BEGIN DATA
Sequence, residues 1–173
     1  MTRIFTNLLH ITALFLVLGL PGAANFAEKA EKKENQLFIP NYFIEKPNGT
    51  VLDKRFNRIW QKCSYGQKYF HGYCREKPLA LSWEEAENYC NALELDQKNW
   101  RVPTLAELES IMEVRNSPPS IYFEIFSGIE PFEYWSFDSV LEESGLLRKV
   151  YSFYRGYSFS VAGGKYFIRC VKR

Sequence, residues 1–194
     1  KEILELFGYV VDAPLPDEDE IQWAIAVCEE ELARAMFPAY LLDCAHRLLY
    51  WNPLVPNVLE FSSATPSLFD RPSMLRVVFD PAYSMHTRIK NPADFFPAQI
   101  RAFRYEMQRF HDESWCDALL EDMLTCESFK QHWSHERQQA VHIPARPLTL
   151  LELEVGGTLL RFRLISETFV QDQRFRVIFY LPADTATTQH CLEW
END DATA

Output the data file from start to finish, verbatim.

Sequence, residues 1–173
     1  MTRIFTNLLH ITALFLVLGL PGAANFAEKA EKKENQLFIP NYFIEKPNGT
    51  VLDKRFNRIW QKCSYGQKYF HGYCREKPLA LSWEEAENYC NALELDQKNW
   101  RVPTLAELES IMEVRNSPPS IYFEIFSGIE PFEYWSFDSV LEESGLLRKV
   151  YSFYRGYSFS VAGGKYFIRC VKR

Sequence, residues 1–194
     1  KEILELFGYV VDAPLPDEDE IQWAIAVCEE ELARAMFPAY LLDCAHRLLY
    51  WNPLVPNVLE FSSATPSLFD RPSMLRVVFD PAYSMHTRIK NPADFFPAQI
   101  RAFRYEMQRF HDESWCDALL EDMLTCESFK QHWSHERQQA VHIPARPLTL
   151  LELEVGGTLL RFRLISETFV QDQRFRVIFY LPADTATTQH CLEW